Keane calls for new imagination and ways of thinking to keep democracy fresh and dynamic. The appalling events of the twenty-first century present the new justification for democracy: the ‘hubris’ argument. Hubris “recognises that humans are stupid, arrogant, blind, foolish and power-hungry enough to omit acts, but good enough to correct them.”
Hubris is our hope, since it “drives home the painful truth that fools never differ.” When unregulated and concentrated power reigns, producing disasters like Madoff, immense damage to people and environment and stolen generations, democracy remains “the best weapon we have against hubris.”
The next speaker Armina Rasul fortified the hubris argument by reiterating our need to remain vigilant. Her story was a personal one. A citizen of the Philippines, Rasul has experienced the there-and-back-again journey of democracy and dictatorship in the Philippines that reinforces the argument for political stability.
Democracy needs time to grow, to stabilise and to develop. And, as stated by the opposing team, democracy can be adapted for all, including Muslim and Communist societies. China is embracing democracy ‘Chinese style’. However, with the adoption of democratic reforms in mainly finance and trade, the People’s Republic remains far from free.
If Islam appears incompatible with democracy, the examples of Turkey, Indonesia, Bangladesh and Pakistan prove otherwise. The Qur’an provides for the pillars of democracy with ‘shura’; consultation and a method by which to make major decisions. Islam’s concepts of consensus, justice and freedom uphold democratic conventions and, while Muslim countries continue to work on internal problems, it does not mean outright that democracy cannot flourish where Islam exists.
Finally, women perform well in Muslim democracies. While many Western nations are yet to have a female head of state, Pakistan, Bangladesh and Turkey have already ticked that box.
In much of the world democracy is young. It must be given time to strengthen and grow. A period of transition is normal and expected. Just as democracy in richer nations continues to evolve, we can expect to see more stable democracies in Muslim nations, and even in China. It’s a matter of time.
For the final speaker, Michael Wesley, democratic process has given way to a global democratic consciousness, a phenomenon “advancing to all corners of the globe.” Driven by globalisation and the communications revolution, this consciousness is gathering speed, bringing free speech, dissent and refusal to accept state-produced propaganda. We all contribute to the spread of democracy, whether voting by mobile phone to pass judgement on a reality show contestant, to twittering on the internet. The innumerable blogs that exist are millions of voices that cannot be silenced. We are free to ignore the major media players and instead listen to a million other voices expressing a myriad of dissenting, conflicting, controversial, and above all, novel views.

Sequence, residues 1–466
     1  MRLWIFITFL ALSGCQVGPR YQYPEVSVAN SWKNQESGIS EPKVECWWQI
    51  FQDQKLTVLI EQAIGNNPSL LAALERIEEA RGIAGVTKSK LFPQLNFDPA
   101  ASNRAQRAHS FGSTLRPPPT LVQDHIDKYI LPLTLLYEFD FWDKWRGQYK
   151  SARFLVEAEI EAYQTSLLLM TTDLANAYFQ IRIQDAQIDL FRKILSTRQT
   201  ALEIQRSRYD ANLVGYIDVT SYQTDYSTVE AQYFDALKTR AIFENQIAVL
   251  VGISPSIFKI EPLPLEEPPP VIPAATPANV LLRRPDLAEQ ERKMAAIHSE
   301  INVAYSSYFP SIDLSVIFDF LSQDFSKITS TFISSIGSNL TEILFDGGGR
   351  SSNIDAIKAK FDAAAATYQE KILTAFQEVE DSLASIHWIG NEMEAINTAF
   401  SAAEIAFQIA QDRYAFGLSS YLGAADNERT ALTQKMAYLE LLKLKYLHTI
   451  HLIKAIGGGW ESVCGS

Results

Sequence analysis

Fatalism is dead. People no longer accept that their birth determines their possibilities in life. There are increasingly interesting questions of absolute standards about what a democracy is, and with the global challenges that we now face, we can risk no other form of government. When and where there is a grassroots swell of concern, it is democratic leaders who are the first to listen.
As Carmen Lawrence concluded, we can be realistic without being cynical. “To live in a democracy worthy of the name, to avoid falling into undemocratic practices, action is required.” Democracy is not a gift.
Speaking for the affirmative at the FODI debate were Ambassador MK Bhadrakumar, a Former Ambassador for India to Pakistan, Iran, Turkey and Russia among other countries, Professor Carmen Lawrence, former Premier of Western Australia and Professor Greg Craven, Vice-Chancellor of Australian Catholic University and an expert in public law.
For the negative were Professor John Keane, an Australian born author and academic who is Professor of Politics at the University of Westminster and Director of the Centre for the Study of Democracy which he founded, Dr Michael Wesley, Executive Director of the Lowy Institute for International Policy and former Professor of International Relations and Director of the Griffith Asia Institute at Griffith University and Amina Rasul-Bernardo, Lead Convenor of the Philippine Council on Islam and Democracy (PCID) a former Presidential advisor, and a noted peace and human rights advocate.
You can view the Festival of Dangerous Ideas IQ2 debate Democracy is not for everyone online at www.iq2oz.com